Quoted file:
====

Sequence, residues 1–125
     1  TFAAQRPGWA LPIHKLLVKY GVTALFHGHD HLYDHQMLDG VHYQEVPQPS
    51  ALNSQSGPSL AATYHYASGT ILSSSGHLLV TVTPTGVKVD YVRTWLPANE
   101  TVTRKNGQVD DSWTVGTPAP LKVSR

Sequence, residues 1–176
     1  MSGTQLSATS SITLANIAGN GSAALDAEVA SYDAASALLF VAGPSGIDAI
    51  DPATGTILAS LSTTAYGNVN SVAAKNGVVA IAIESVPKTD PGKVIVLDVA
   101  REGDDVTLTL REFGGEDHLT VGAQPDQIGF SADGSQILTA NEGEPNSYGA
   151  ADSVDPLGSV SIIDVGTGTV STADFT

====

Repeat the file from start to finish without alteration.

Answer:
Sequence, residues 1–125
     1  TFAAQRPGWA LPIHKLLVKY GVTALFHGHD HLYDHQMLDG VHYQEVPQPS
    51  ALNSQSGPSL AATYHYASGT ILSSSGHLLV TVTPTGVKVD YVRTWLPANE
   101  TVTRKNGQVD DSWTVGTPAP LKVSR

Sequence, residues 1–176
     1  MSGTQLSATS SITLANIAGN GSAALDAEVA SYDAASALLF VAGPSGIDAI
    51  DPATGTILAS LSTTAYGNVN SVAAKNGVVA IAIESVPKTD PGKVIVLDVA
   101  REGDDVTLTL REFGGEDHLT VGAQPDQIGF SADGSQILTA NEGEPNSYGA
   151  ADSVDPLGSV SIIDVGTGTV STADFT